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From 2004 to 2010, Edward Weaver was the CEO of Vendstar, a corporation that sold candy-vending machines to approximately 7,000 customers who spent a total of about $62 million on the investments. Although Vendstar’s promotional materials and salespeople represented that the investment opportunities would be lucrative, for the most part, thevending machines would earn Vendstar’s customers almost no money. Customer complaints became so frequent that Weaver assigned a Vendstar employee to respond to those complaints full-time. In the end, many customers lost virtually all of their investments in Vendstar. The size of the investments varied, and the most common transaction involved the victim paying $10,000 for a package that included 30 candyvending machines and an initial supply of candy, although some customers spent significantly more than that. Under the Vendstar scheme, potential customers would respond to Internet or newspaper ads approved by Weaver. Vendstar would mail them a brochure, order form, and certain disclosure documents. The brochure, which Weaver also approved, included claims that the salespeople were “Vendstar vendors themselves” and promised that the investments had “little risk.” Vendstar salespeople would then follow up with customers over the phone. During those phone conversations, salespeople routinely lied to customers, promising them utterly unrealistic earnings and claiming that the investments were sound. Salespeople also falsely stated that they owned their own Vendstar machines, a misrepresentation that encouraged customers to trust them and buy the machines. At trial, victims of the scam testified that those lies influenced their decision to purchase the machines. If customers agreed to purchase the machines, they signed a contract that included the following disclaimers in capital letters: Purchaser understands that seller has no affiliation or financial relationship with professional locating companies and that seller has no involvement whatsoever in securing retail locations. . . . Purchaser and seller agree that this purchase order contains the entire understanding of the agreement between the parties and there is no reliance upon any verbal representation whatsoever. Seller has not guaranteed any minimum or maximum earnings. . . . It is further acknowledged that no statements, promises[,] or agreements influenced this purchase or are expected other than anything contained in this purchase order. . . . What crime do you think Weaver was convicted of? Weaver appealed this conviction. What do you think his argument on appeal was? Do you think his conviction was upheld?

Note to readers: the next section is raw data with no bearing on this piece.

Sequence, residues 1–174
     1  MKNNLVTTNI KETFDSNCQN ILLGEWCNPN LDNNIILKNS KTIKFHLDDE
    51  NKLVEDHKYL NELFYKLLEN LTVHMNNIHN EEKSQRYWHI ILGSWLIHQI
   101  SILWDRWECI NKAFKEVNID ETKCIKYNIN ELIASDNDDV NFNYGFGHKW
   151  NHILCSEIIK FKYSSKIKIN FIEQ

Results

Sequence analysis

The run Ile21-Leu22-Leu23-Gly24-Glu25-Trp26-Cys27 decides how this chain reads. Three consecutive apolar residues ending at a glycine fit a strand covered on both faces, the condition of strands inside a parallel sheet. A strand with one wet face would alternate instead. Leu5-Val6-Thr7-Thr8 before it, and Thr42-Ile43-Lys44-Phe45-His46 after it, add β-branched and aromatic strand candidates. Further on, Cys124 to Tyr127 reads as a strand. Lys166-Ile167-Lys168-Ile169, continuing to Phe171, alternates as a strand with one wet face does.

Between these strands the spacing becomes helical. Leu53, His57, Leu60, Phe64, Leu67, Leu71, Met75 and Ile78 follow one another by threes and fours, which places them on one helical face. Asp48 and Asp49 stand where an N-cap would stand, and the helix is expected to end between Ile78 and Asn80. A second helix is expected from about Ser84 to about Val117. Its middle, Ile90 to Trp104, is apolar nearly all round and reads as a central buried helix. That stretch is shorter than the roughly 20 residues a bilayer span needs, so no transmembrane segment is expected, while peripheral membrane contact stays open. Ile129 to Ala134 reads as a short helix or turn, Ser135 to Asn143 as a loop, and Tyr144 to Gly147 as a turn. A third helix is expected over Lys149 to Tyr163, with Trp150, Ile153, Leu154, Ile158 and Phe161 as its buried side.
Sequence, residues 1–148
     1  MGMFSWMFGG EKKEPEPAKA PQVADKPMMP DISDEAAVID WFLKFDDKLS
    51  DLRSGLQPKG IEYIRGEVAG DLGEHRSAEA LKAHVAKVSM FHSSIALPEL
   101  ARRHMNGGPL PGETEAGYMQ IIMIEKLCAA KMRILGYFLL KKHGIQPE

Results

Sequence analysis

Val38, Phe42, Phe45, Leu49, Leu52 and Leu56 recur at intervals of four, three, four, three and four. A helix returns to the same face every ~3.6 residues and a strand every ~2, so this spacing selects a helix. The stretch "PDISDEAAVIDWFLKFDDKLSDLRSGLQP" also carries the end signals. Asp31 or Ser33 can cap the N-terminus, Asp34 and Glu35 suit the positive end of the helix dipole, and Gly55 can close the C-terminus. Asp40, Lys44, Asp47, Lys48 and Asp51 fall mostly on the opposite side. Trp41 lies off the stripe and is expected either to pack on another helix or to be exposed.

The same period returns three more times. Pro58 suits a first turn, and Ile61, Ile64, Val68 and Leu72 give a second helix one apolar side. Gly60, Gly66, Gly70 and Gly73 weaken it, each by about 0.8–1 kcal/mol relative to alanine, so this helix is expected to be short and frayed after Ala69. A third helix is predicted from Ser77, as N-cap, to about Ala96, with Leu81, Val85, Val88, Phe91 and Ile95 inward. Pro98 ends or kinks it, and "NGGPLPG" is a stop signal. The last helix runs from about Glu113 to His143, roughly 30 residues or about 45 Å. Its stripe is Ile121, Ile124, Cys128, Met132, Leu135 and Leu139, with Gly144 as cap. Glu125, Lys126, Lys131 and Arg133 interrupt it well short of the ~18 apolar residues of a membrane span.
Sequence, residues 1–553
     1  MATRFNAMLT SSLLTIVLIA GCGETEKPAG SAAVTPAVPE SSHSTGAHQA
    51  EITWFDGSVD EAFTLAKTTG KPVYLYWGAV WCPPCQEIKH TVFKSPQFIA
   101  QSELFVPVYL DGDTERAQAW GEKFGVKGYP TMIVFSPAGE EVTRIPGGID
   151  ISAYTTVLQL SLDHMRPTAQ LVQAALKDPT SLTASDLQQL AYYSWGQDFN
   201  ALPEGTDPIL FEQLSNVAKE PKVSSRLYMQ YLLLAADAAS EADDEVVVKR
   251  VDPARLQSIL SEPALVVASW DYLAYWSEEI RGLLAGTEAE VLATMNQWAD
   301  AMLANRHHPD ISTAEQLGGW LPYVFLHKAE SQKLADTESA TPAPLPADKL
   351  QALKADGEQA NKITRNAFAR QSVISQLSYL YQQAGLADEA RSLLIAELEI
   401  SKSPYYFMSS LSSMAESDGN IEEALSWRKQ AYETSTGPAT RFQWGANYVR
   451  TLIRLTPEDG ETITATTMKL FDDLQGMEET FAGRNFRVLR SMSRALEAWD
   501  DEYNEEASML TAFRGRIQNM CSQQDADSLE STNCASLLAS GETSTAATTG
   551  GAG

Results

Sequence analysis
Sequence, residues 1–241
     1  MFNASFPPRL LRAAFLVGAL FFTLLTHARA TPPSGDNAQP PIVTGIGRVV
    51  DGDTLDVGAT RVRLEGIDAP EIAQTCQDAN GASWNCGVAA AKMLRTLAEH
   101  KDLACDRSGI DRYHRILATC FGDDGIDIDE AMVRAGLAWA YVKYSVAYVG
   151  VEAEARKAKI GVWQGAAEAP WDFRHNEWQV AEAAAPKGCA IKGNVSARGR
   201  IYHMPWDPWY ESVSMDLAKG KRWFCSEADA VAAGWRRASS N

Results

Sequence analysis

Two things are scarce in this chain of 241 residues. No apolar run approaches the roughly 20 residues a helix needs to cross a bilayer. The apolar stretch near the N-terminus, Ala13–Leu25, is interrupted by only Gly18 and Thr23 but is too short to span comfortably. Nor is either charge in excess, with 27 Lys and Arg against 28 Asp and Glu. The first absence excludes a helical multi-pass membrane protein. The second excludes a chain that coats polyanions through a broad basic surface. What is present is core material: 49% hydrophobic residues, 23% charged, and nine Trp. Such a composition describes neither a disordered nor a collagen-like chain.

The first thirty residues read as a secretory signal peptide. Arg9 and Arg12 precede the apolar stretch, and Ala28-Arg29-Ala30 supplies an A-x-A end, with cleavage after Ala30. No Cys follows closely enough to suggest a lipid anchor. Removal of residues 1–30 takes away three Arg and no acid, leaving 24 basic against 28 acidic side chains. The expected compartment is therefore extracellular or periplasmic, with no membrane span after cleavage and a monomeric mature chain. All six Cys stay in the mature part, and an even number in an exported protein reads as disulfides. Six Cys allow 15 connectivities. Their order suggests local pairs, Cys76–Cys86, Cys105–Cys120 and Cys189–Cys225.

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Adrian Samalia fled a stolen vehicle during a lawful traffic stop. While Samalia successfully escaped, he left his cell phone in the stolen vehicle. Police officers searched the cell phone without a warrant and used the information contained in it to confirm Samalia’s identification. The data from the phone was used as evidence in a trial against Samalia for possession of a stolen vehicle. Samalia moved to suppress the evidence, arguing that his constitutional rights were violated when they searched the phone without a warrant. The State contended that the warrantless search was allowed under the abandonment doctrine. The trial court denied the motion to suppress and eventually found Samalia guilty. After a series of appeals, the case worked its way up to the Supreme Court of the State of Washington. Under the abandonment doctrine, an individual loses his or her privacy interest in a property if he or she voluntarily abandons it. While Somalia argued that the abandonment doctrine should not be applicable to cell phones because they hold “private affairs,” the Washington Supreme Court ruled that there would be no exception to the abandonment doctrine for cell phones. At this point for the State to prevail, it had to show that Somalia voluntarily abandoned his cell phone. Do you think the cell phone left by Somalia as he ran from the police was voluntarily abandoned? Explain why or why not. How did the Washington Supreme Court rule on this issue and what was its reasoning? Do you agree? Why or why not?